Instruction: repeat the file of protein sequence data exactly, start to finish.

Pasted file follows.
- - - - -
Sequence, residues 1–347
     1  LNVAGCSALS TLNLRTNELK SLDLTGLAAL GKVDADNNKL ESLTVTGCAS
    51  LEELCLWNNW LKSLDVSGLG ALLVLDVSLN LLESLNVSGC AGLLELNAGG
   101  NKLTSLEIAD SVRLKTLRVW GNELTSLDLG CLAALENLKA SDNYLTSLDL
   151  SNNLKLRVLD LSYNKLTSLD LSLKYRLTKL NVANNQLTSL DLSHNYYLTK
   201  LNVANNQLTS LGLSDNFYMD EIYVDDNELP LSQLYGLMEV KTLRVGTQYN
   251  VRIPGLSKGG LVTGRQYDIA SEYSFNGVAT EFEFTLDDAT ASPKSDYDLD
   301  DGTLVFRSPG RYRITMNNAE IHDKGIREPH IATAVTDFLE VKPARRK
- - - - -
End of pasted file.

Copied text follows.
Sequence, residues 1–347
     1  LNVAGCSALS TLNLRTNELK SLDLTGLAAL GKVDADNNKL ESLTVTGCAS
    51  LEELCLWNNW LKSLDVSGLG ALLVLDVSLN LLESLNVSGC AGLLELNAGG
   101  NKLTSLEIAD SVRLKTLRVW GNELTSLDLG CLAALENLKA SDNYLTSLDL
   151  SNNLKLRVLD LSYNKLTSLD LSLKYRLTKL NVANNQLTSL DLSHNYYLTK
   201  LNVANNQLTS LGLSDNFYMD EIYVDDNELP LSQLYGLMEV KTLRVGTQYN
   251  VRIPGLSKGG LVTGRQYDIA SEYSFNGVAT EFEFTLDDAT ASPKSDYDLD
   301  DGTLVFRSPG RYRITMNNAE IHDKGIREPH IATAVTDFLE VKPARRK